The head of the US derivatives watchdog has put forward plans for a major regulatory reform of cross-border swaps trading, after admitting the regulator’s current approach is over-expansive, complex and impractical.
Christopher Giancarlo, chairman of the US Commodity Futures Trading Commission (CFTC), told delegates at an event in London this week that he will put forward an updated and improved vision for cross-border swaps regulation.
At the same time, he slammed the CFTC’s current swaps regulatory framework, stating that it had driven global market participants away from transacting with firms that are subject to the rules, and caused fragmentation in a market that was once considered global.
“To start by putting it bluntly, the CFTC’s current approach to applying its swaps rules to cross-border activities has resulted in a number of problems,” Giancarlo said. “It is over-expansive, unduly complex, and operationally impractical.”
He then outlined several principles that will be used to inform a revision of the CFTC’s swaps rules for cross-border activities, with the key distinction being that the regulator’s new approach is designed to mitigate systemic risk and swaps reforms that address market structure and practices.
Giancarlo has long-been a critic of swaps rules that were implemented in 2013 under Dodd-Frank to bring more transparency and accountability to the regulation of over the counter (OTC) swaps trading.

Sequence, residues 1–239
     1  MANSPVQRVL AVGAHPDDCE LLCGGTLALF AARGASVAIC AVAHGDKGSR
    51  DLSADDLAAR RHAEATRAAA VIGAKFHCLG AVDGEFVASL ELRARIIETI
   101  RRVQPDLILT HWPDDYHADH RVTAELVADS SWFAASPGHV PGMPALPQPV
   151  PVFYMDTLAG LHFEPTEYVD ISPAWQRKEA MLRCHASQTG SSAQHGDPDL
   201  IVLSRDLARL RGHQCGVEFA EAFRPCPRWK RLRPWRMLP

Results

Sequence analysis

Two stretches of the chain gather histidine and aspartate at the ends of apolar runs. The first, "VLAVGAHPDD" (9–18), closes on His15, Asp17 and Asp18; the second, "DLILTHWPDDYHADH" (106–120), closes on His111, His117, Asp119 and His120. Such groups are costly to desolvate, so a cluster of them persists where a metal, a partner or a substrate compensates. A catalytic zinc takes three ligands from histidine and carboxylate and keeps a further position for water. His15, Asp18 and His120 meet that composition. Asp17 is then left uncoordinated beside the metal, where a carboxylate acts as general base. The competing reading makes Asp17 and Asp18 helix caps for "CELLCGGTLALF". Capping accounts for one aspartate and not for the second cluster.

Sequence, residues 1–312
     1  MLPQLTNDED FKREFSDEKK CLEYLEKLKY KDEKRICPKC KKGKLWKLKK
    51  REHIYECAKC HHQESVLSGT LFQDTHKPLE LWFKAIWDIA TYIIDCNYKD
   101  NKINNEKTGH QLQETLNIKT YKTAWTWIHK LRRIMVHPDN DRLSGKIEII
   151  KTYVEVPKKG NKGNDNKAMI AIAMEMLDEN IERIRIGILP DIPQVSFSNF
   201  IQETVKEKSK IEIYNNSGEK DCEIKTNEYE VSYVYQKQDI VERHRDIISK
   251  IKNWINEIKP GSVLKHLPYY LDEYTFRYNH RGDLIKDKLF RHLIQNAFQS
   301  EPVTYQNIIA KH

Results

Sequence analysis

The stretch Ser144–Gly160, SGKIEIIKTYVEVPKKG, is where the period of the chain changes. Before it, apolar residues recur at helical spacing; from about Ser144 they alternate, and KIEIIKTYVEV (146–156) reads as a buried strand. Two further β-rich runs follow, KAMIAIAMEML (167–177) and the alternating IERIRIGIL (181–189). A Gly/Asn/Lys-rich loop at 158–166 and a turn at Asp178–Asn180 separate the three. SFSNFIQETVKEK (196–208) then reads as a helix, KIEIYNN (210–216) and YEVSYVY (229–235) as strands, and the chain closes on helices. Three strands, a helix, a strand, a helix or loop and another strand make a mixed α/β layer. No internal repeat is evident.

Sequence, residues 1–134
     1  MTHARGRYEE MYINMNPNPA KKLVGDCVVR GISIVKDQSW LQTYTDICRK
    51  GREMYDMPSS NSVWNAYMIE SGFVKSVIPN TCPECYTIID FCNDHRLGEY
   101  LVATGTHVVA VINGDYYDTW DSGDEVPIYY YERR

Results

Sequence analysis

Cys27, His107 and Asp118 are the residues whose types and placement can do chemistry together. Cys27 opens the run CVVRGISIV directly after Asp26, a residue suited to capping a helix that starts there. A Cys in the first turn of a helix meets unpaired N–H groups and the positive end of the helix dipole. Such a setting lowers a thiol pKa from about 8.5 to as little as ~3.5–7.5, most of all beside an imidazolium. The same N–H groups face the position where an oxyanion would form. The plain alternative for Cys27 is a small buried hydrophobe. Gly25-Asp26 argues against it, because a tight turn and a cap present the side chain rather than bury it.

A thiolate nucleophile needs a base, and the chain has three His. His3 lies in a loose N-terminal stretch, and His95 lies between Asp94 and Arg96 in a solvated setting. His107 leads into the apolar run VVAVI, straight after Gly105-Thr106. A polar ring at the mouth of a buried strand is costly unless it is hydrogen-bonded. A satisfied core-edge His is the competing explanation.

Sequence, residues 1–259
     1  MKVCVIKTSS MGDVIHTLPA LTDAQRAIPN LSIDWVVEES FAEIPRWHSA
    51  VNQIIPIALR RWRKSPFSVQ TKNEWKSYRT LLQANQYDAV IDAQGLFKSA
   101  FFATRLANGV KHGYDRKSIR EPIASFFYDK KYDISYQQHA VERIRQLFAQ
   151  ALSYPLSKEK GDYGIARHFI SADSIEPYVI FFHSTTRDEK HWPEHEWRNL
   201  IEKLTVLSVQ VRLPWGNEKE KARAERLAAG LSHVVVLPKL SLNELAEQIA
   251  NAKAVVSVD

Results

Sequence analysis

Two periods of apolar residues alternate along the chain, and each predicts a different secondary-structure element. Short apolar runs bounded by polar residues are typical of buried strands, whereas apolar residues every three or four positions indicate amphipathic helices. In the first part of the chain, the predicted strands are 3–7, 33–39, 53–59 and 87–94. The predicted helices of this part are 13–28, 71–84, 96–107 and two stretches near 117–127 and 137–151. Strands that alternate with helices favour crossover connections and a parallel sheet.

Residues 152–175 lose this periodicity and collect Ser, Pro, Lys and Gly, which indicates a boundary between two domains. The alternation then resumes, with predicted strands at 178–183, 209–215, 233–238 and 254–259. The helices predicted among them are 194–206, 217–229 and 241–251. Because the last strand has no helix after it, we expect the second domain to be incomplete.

Research from Greenwich Associates has suggested that looser swaps trading rules could in fact boost volumes by up to 20%. However, Kevin McPartland, head of research for Greenwich market structure and technology and author of the research, warned that regulators must be wary that looser rules could erode price transparency that has been gained over recent years.
The CFTC chairman also reiterated that the watchdog should act as a “rule maker, not a rule taker”, in overseeing US markets. Giancarlo has openly criticised the EU’s continued attempts to enforce stricter rules on non-EU central counterparties (CCPs) in the past as being detrimental to US derivatives markets.
However, the CFTC and the European Commission made some progress after agreeing on a common approach to trading derivatives on electronic platforms. The agreement means that European traders can execute a swap on either an EU-authorised trading venue or a CFTC-authorised swap execution facility (SEF).
Giancarlo added that those agreements would stay in place with the EU, and a similar approach would be taken to other jurisdictions with comparable regulatory requirements for swaps CCPs and trading venues.
“It is time for a more thoughtful approach to the cross-border application of US swaps rules based on effective systemic risk mitigation and deference to comparable overseas regulation… I know there are some who fear an uncertain future. I think the future can be an improvement, much better,” Giancarlo concluded.